Getting into Vet School
During the senior undergraduate year–in addition to classes, work, and extracurriculars—students who intend to pursue graduate level studies need to start scoping out their educational institution choices, examining admissions criteria, and taking entrance exams. In my day, the Veterinary College Admission Test or VCAT was accepted by most veterinary schools, although a few were beginning to look at the GRE, or Graduate Record Examination. Now nearly every vet school requires the GRE with a few accepting the MCAT (Medical College Admission Test).
Likewise, most of the admissions criteria (i.e. classes required) for the vet schools were similar, although a few had some specific requirements that others didn’t. For example, I applied to all the vet schools in the Midwest, and only Wisconsin mandated a statistics course pre-vet. So I added that to my undergraduate coursework to keep my vet school options open. After being accepted to all three vet schools I applied to— Illinois, Wisconsin, and Purdue (in Indiana)— I ended up accepting the offer from Illinois because it was A LOT cheaper, being an in-state student, plus they offered me the Graduate Assistant-ship of my choice (research or communication) as the top applicant that year.
I had been involved in research for most of my undergraduate career so for a change I took the communication position which was based in the Student Affairs office. BTW a graduate assistant-ship means your tuition is paid and you get a small stipend in exchange for a certain numbers of hours of work per week. In this case, I owed them just 10 hours of work. After a semester or so I was transitioned into the CEPS office, which stands for Continuing Education-Public Service, also known as “Extension.” Here I put many of the skills learned in Ag Com classes to work writing press releases and horse health articles for owners. In addition, I helped host many conferences, symposiums, and meetings for veterinarians from the around the state, country, and even the world, as our department head was a world leader in swine medicine.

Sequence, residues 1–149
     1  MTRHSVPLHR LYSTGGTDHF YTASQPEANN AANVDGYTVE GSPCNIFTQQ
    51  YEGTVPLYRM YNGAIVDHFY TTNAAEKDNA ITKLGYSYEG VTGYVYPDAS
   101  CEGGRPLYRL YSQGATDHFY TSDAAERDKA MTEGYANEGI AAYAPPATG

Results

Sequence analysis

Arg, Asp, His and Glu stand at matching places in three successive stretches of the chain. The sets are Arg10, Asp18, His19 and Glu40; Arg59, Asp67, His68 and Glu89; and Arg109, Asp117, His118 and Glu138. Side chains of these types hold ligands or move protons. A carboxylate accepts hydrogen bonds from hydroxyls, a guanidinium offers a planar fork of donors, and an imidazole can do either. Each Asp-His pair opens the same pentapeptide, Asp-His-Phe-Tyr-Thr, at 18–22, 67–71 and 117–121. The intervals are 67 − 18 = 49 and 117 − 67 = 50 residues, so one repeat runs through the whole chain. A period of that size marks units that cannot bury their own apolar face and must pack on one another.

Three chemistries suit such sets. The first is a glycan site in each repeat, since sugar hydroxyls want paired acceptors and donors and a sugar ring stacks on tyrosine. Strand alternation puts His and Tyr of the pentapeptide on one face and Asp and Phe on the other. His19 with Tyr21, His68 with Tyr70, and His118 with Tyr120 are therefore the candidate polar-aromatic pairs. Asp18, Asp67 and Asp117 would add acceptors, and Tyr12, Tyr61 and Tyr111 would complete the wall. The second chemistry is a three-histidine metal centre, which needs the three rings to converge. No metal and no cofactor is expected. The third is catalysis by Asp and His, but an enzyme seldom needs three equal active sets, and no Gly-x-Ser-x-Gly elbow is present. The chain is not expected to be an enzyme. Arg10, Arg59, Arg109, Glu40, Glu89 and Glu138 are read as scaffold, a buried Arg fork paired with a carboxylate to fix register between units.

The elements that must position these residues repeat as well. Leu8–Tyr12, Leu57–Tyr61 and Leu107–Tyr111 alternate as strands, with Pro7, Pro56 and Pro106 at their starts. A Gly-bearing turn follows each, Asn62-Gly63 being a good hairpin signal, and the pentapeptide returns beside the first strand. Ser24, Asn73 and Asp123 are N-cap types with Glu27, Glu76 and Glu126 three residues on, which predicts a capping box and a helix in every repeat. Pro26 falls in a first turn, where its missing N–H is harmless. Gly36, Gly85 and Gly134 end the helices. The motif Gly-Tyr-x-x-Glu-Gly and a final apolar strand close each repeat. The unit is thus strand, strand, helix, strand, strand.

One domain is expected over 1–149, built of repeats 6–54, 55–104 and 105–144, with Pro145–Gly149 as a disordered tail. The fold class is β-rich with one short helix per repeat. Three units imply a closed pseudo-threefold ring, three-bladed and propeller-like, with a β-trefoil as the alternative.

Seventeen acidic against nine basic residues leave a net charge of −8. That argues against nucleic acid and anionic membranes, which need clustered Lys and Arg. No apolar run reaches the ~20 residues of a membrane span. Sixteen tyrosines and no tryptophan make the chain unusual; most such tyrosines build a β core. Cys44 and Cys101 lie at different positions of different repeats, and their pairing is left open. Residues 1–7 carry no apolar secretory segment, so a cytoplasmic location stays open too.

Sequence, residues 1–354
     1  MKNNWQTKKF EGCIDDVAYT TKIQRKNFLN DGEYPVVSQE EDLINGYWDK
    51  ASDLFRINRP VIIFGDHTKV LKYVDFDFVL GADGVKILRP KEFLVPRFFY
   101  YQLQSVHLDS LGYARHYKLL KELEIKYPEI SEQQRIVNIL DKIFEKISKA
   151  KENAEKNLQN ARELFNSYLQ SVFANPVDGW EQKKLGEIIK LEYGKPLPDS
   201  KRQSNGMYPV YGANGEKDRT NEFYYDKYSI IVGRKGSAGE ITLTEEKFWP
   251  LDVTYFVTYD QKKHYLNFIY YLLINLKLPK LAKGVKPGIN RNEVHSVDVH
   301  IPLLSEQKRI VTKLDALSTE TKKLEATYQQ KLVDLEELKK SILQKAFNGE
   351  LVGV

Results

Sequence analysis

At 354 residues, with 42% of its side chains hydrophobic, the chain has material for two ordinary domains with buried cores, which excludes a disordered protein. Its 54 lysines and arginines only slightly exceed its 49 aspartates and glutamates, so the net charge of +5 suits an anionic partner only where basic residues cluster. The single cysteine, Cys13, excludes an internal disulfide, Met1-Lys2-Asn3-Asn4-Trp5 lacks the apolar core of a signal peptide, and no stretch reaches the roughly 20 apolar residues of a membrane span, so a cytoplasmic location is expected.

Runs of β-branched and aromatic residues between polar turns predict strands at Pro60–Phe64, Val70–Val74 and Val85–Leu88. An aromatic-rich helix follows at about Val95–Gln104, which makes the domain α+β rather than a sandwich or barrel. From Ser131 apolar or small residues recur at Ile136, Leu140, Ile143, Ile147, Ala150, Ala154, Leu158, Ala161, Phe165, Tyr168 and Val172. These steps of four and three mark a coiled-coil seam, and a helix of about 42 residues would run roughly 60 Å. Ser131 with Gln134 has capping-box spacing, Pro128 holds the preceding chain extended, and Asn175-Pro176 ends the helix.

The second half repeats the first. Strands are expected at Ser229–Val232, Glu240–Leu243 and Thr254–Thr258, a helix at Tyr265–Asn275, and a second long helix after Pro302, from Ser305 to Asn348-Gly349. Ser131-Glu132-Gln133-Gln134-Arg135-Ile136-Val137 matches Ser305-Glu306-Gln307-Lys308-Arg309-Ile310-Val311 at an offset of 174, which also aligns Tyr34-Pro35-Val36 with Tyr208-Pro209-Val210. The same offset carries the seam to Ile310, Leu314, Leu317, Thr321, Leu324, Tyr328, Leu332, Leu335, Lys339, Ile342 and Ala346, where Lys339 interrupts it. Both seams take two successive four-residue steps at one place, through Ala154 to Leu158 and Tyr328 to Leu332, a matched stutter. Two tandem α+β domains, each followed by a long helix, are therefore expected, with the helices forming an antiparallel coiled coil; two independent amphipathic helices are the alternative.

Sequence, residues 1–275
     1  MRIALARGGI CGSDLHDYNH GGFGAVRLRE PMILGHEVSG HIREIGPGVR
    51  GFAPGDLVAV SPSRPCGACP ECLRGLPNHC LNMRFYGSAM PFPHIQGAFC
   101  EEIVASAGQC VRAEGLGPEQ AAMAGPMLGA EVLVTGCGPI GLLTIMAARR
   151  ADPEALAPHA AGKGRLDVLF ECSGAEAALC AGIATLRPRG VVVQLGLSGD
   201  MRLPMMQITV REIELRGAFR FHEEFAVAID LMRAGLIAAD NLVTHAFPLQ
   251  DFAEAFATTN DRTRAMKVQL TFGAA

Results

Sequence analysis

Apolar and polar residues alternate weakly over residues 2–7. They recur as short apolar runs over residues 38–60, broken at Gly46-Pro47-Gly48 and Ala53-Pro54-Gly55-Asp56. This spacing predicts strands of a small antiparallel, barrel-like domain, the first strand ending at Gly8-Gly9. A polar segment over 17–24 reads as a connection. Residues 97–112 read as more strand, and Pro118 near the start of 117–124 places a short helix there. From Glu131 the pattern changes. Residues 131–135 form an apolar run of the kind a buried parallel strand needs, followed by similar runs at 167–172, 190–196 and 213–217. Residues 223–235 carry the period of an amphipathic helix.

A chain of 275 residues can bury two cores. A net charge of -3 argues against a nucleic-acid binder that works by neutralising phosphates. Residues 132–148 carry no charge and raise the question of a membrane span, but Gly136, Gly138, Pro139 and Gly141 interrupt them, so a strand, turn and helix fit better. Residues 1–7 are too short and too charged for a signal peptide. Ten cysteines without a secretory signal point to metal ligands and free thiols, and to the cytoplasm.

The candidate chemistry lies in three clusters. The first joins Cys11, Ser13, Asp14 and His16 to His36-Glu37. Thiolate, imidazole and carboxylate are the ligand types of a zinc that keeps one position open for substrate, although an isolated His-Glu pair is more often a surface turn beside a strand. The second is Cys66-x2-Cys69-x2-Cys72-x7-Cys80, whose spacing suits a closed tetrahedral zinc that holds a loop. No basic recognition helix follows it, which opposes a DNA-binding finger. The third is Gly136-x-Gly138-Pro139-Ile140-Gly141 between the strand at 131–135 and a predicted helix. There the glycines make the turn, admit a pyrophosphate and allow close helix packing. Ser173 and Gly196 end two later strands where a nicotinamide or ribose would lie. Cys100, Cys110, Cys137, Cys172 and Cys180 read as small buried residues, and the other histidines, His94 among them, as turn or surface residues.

Thanks to spending a full four years as an undergraduate with a heavy course load each semester, I was allowed a “pass” on several of the first year classes such as nutrition and microbiology. First year was considered back then the time for learning “normal” structure and function so classes I was NOT allowed to skip included anatomy and physiology. The second year was devoted to the study of “ABnormal” with classes like pathophysiology and parasitology. Third year was our introduction to clinics, or, working with real live animals, with one of the all-time favorite classes being surgery. Then fourth year was spent on rotations. The entire class gathered one day towards the end of third year to participate in a lottery of sorts for rotations. The order of my fourth year rotations ended up being: Ophthalmology (still a great love), then Anesthesiology, followed by Radiology and the rest: Diagnostics, Small Animal Medicine, Small Animal Surgery, Ambulatory, Food Animals, and lots and lots of Equine rotations!